This week baby is the size of a honeydew melon. I think of honeydew as cantaloupe’s cousin. It has a similar shape, only a bit bigger, which explains why it’s the fruit for week #35 and not #34.
Honeydew’s sweet flesh is typically light green, while its skin has a white-yellow tone.
To find a sweet one, shake it. If you hear and feel the seeds inside jiggling around, you’ve got a winner. The rind should be smooth and waxy and bright, creamy yellow in color. It should also smell like fragrant flowers. Find the blossom end, which is opposite the end where it was attached to the vine. Give it a press with your thumb and it should feel slightly springy, with a little give.
Your melon will not ripen once it’s cut from the vine, so what you bring home is as good as it gets.
Before cutting it, wash the rind well. Refrigerate.
Honeydew is full of nutrients and is a healthy addition to your diet.
Benefits of Eating Honeydew
*May help reduce blood pressure because it is low in sodium and high in potassium.
*It helps bone health due to folate, vitamin K, and magnesium.
*Fiber in the fruit may help control blood sugar levels over time and aid in digestive health.
*Electrolytes in the melon help hydrate better than water alone.
*Vitamin C content helps support immune function.
*Honeydew melon contains lutein and zeaxanthin, two antioxidants that are known to support healthy eyes and vision.
This fruit is easy to add to your diet. It’s great alone or added to many different dishes, including salad, salsa, smoothies, soup or dessert.
It may be tricky to find a ripe one out of season. Hang in there, summer’s coming.
It’s National Sleep Awareness Month
This month, most of the country moves the clocks forward for Daylight Saving Time. March 14th is the date for us to spring ahead and lose that sacred hour of sleep.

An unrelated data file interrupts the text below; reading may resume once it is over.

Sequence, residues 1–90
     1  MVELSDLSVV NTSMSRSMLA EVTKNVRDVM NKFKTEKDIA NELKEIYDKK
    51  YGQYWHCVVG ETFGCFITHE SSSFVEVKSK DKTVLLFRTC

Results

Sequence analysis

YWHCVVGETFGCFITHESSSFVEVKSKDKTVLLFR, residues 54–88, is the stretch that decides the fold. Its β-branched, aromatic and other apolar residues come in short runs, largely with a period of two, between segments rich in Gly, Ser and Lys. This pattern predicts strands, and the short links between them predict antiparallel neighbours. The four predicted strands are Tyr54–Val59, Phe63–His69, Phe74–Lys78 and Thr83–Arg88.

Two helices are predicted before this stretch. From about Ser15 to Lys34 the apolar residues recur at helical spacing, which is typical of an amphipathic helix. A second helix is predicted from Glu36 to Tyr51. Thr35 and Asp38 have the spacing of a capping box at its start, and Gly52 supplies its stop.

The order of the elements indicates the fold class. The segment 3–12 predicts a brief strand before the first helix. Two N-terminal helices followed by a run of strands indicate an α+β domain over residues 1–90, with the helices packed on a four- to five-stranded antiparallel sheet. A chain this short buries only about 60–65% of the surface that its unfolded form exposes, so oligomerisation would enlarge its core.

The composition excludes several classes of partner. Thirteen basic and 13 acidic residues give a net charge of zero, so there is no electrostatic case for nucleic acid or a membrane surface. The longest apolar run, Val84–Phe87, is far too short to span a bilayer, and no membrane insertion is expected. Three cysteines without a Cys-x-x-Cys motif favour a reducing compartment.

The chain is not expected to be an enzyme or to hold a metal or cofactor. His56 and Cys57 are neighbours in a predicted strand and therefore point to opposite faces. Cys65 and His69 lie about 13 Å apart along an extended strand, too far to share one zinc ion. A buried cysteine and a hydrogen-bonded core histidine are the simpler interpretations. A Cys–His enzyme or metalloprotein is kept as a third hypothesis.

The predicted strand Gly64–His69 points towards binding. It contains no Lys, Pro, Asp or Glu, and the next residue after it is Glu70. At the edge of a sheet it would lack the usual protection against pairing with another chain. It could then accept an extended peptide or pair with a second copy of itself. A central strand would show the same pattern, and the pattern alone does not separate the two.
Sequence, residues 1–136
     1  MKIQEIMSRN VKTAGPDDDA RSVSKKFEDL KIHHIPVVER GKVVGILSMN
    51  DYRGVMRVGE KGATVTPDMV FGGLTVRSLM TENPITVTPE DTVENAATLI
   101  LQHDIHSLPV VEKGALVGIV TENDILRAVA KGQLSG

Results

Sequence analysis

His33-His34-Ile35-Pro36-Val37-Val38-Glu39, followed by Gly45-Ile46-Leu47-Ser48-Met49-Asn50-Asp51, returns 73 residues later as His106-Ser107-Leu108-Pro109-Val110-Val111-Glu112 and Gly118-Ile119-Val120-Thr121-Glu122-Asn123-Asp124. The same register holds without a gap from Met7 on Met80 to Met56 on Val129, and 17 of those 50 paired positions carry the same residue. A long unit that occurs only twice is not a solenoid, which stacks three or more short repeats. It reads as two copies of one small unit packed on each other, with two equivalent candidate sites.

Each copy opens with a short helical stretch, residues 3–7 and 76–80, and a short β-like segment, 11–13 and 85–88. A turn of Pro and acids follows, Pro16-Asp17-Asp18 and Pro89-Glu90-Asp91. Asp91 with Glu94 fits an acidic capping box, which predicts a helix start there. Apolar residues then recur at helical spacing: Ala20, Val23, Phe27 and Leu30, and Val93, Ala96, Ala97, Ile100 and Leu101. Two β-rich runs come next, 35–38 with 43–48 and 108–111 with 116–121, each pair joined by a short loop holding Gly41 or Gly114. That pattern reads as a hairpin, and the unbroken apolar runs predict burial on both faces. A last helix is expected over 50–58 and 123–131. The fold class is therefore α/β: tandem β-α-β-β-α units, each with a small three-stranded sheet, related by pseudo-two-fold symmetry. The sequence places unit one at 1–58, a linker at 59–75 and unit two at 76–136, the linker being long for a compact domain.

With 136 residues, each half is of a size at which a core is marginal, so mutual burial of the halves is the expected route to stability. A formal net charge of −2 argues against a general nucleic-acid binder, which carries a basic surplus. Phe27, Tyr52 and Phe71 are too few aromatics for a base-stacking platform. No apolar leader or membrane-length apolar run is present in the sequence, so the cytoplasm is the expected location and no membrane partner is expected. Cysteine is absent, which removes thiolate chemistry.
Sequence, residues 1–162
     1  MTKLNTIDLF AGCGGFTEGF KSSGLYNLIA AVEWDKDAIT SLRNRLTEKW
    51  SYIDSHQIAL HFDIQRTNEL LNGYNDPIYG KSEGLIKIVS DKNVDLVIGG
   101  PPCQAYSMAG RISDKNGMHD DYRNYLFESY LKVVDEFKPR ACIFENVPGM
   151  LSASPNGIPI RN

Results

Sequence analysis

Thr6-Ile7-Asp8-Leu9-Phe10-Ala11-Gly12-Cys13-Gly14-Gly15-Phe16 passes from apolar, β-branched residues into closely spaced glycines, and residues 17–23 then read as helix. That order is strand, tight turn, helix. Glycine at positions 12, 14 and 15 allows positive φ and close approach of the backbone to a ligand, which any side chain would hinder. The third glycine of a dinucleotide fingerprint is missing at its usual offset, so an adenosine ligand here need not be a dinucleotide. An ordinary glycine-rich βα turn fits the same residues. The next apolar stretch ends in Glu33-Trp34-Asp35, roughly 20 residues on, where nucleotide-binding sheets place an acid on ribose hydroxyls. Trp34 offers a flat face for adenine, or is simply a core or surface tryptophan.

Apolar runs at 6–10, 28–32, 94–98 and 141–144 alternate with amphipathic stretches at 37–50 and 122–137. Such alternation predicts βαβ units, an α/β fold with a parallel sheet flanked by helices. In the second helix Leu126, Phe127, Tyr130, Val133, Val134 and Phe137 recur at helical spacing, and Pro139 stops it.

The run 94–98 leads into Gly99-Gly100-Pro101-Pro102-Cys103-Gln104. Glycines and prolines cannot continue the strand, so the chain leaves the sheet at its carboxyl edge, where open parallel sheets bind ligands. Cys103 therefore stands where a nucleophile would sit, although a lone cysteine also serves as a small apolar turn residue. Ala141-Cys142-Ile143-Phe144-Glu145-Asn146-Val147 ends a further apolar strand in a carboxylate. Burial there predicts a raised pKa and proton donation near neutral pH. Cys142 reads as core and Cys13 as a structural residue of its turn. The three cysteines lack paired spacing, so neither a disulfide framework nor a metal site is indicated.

That single hour really does make a difference, and many people feel out of whack for a couple weeks.
Not only can that lost hour make you feel groggy and irritable, studies have found that both heart attacks and fatal car accidents increase after the spring shift to Daylight Saving Time.
Here are 4 tips to help make the time change a bit easier on you.
- Start preparing a few days early. About a week before “springing forward,” start going to bed 15 to 30 minutes earlier than your usual bedtime. Your body needs that bit of extra time to make up for the lost hour.
- Stick to your schedule. Be consistent with eating, social, bed and exercise times during the transition to Daylight Saving Time. Exposing yourself to the bright light in the morning will also help you adjust.
- Don’t take long naps. Shutting your eyes mid-day is tempting, especially if you’re feeling sluggish. A long daytime nap could make it harder to get a full night’s sleep. If you must take a nap in order to get through your day, take it early and for no longer than 20 minutes.
- Avoid coffee and alcohol. Avoid coffee and caffeinated beverages four to six hours before bedtime. Alcohol also prohibits you from getting quality sleep, so avoid it late at night.
Remember last week’s tip to put that phone away 30 minutes before bedtime. Practice slowing down so that your body can relax.
“It is a common experience that a problem difficult at night is resolved in the morning after the committee of sleep has worked on it.” —John Steinbeck